Realities and Perspectives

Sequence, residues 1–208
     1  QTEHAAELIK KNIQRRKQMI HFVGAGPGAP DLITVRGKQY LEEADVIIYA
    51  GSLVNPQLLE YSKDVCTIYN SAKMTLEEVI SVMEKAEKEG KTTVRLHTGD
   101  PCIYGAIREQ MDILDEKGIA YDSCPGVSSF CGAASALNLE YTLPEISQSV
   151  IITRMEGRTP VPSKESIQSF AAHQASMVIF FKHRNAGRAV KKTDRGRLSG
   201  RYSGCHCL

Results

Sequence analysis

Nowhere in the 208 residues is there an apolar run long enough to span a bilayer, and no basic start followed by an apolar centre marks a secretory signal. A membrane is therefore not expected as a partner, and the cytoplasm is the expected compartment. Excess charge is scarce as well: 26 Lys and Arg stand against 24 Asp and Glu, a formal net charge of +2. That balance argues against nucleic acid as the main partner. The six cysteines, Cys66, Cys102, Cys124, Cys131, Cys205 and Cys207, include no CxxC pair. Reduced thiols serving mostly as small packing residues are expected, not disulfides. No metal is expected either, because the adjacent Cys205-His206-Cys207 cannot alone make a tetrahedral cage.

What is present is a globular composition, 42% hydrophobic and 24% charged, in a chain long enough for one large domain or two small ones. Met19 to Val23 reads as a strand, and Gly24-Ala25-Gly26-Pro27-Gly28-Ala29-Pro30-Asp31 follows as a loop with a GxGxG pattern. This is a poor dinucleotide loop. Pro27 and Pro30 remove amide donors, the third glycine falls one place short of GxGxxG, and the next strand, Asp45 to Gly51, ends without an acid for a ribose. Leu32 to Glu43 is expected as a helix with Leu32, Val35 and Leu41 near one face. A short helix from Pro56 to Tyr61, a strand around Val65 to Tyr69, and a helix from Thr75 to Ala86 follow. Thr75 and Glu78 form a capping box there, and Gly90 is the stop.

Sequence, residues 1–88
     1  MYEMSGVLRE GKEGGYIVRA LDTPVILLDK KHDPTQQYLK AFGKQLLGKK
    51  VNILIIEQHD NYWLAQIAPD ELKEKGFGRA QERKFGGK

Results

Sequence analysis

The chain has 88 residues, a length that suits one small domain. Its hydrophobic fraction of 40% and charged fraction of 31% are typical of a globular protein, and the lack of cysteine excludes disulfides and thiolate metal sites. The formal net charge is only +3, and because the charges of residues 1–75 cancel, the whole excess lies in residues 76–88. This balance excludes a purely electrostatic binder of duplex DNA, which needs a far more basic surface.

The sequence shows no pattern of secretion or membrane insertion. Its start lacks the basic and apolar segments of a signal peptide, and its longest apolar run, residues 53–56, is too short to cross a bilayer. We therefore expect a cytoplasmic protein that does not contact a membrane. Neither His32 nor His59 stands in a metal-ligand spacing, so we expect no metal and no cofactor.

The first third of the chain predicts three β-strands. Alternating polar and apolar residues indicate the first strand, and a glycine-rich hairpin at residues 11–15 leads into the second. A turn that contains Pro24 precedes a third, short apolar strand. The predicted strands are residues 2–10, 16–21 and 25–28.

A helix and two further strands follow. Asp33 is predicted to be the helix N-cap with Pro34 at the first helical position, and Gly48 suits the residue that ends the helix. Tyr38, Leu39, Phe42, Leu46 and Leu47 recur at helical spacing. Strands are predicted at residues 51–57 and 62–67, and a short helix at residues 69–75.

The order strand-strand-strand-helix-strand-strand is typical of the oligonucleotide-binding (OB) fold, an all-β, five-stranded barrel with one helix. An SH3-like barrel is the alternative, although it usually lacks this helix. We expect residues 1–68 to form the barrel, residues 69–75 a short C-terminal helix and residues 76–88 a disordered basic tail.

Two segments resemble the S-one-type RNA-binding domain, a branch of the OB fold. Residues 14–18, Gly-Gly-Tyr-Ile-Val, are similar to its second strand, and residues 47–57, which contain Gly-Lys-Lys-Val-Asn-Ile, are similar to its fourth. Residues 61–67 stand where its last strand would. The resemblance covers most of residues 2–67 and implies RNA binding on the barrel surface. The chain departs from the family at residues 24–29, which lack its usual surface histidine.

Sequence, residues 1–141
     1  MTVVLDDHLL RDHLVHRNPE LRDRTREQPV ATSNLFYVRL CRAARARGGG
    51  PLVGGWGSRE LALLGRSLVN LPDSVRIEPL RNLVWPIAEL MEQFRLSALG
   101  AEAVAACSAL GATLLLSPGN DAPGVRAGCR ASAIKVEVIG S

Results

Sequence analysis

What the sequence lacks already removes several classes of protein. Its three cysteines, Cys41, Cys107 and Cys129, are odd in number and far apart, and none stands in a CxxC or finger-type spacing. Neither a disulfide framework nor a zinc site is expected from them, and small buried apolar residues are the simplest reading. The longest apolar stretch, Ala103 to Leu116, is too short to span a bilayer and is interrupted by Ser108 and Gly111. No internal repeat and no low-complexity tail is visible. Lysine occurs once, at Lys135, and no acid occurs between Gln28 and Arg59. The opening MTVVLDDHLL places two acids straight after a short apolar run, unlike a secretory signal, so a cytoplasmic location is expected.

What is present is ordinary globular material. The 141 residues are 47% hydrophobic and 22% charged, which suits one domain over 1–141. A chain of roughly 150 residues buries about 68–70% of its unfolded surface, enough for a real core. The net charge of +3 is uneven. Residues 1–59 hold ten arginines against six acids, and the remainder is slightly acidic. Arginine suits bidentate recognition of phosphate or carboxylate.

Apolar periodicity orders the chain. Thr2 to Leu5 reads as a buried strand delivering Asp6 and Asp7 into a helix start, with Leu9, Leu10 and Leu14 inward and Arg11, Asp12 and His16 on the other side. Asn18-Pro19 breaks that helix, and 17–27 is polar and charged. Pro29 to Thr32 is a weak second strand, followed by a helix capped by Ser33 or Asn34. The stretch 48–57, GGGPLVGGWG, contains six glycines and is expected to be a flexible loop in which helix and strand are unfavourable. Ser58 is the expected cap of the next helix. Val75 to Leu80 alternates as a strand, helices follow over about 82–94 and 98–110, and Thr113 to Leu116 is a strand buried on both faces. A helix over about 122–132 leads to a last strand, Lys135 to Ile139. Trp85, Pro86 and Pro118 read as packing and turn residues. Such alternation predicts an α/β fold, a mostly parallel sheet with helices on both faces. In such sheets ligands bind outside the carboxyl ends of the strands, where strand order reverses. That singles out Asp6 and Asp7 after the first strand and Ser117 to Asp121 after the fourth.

I recently had the opportunity to have a brief email conversation with Steve Borshe at Connecting the dots ( if you don't subscribe to his blog you should, its fantastic). Steve generously provided a bit of coaching to me about this site and blogging, and without going into detail, basically said that having a blog and showing thought leadership was almost mandatory. Its good advice for the netcentric, and I thank him for it.  Now Steve operates at the very leading edge of the web 2.0, and provides some really great  thinking about this new phenomenon. You can tell just by reading his blog that he is very passionate about his niche, and he knows his stuff.     But what struck me was the massive differences that exist in realities and perception. I truly believe that in Steve's world, blogs and social networking are table stakes.  In New Zealand its kind of different. You'd be very hard pressed to find a CEO blogging, we have people signing up for Myspace etc but its far from common for people to establish themselves as thought leaders via a blog. In otherwords, a different reality exists (now, at this point in time)  Then i took this perceptual change one step further. To  someone living in Dafur, access to the net isn't even on the radar. Probably getting the next meal is.  Ok, to the point (because this has been kind of whimsical), and there are two  1) One of the things i've always struggled with in doing what I do is the massive discrepancies of value that exists socially. At the end of the day what benefit do i (we out there) deliver that a doctor or teacher doesn't (and why aren't they paid accordingly)  2) As per my post about Digg changing its reward mechanism. Is whole web 2.0 phenomenon really about the nets value to the individuals being at different levels of Maslow's continuum  of needs ?{mosimage} 

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